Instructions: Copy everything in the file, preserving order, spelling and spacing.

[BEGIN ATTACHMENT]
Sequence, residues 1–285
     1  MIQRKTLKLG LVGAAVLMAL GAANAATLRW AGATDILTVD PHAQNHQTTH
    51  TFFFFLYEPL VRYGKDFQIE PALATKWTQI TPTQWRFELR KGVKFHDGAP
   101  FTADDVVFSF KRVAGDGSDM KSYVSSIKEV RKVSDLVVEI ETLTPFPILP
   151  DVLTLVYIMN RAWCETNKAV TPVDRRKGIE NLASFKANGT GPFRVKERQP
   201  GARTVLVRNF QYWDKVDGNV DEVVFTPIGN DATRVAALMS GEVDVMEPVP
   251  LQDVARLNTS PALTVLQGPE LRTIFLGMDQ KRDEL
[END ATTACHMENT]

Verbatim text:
Sequence, residues 1–285
     1  MIQRKTLKLG LVGAAVLMAL GAANAATLRW AGATDILTVD PHAQNHQTTH
    51  TFFFFLYEPL VRYGKDFQIE PALATKWTQI TPTQWRFELR KGVKFHDGAP
   101  FTADDVVFSF KRVAGDGSDM KSYVSSIKEV RKVSDLVVEI ETLTPFPILP
   151  DVLTLVYIMN RAWCETNKAV TPVDRRKGIE NLASFKANGT GPFRVKERQP
   201  GARTVLVRNF QYWDKVDGNV DEVVFTPIGN DATRVAALMS GEVDVMEPVP
   251  LQDVARLNTS PALTVLQGPE LRTIFLGMDQ KRDEL